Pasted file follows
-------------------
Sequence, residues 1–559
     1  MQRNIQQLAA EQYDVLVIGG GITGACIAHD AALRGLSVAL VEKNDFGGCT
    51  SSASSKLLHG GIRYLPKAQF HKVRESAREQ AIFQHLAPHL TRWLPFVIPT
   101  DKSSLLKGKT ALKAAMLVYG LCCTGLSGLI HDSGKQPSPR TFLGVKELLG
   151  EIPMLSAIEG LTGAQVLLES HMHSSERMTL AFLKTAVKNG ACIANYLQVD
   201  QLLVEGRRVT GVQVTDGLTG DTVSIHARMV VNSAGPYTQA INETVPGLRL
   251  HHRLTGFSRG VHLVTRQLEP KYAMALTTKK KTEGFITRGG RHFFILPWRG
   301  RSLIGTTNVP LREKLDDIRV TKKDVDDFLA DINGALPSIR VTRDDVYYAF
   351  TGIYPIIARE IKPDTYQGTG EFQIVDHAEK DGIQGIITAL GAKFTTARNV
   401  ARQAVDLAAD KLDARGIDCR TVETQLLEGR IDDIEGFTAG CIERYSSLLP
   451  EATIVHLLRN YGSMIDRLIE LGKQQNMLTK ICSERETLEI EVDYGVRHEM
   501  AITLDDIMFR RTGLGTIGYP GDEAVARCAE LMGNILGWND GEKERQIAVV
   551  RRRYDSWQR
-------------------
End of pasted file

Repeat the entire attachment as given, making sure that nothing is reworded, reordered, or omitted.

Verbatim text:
Sequence, residues 1–559
     1  MQRNIQQLAA EQYDVLVIGG GITGACIAHD AALRGLSVAL VEKNDFGGCT
    51  SSASSKLLHG GIRYLPKAQF HKVRESAREQ AIFQHLAPHL TRWLPFVIPT
   101  DKSSLLKGKT ALKAAMLVYG LCCTGLSGLI HDSGKQPSPR TFLGVKELLG
   151  EIPMLSAIEG LTGAQVLLES HMHSSERMTL AFLKTAVKNG ACIANYLQVD
   201  QLLVEGRRVT GVQVTDGLTG DTVSIHARMV VNSAGPYTQA INETVPGLRL
   251  HHRLTGFSRG VHLVTRQLEP KYAMALTTKK KTEGFITRGG RHFFILPWRG
   301  RSLIGTTNVP LREKLDDIRV TKKDVDDFLA DINGALPSIR VTRDDVYYAF
   351  TGIYPIIARE IKPDTYQGTG EFQIVDHAEK DGIQGIITAL GAKFTTARNV
   401  ARQAVDLAAD KLDARGIDCR TVETQLLEGR IDDIEGFTAG CIERYSSLLP
   451  EATIVHLLRN YGSMIDRLIE LGKQQNMLTK ICSERETLEI EVDYGVRHEM
   501  AITLDDIMFR RTGLGTIGYP GDEAVARCAE LMGNILGWND GEKERQIAVV
   551  RRRYDSWQR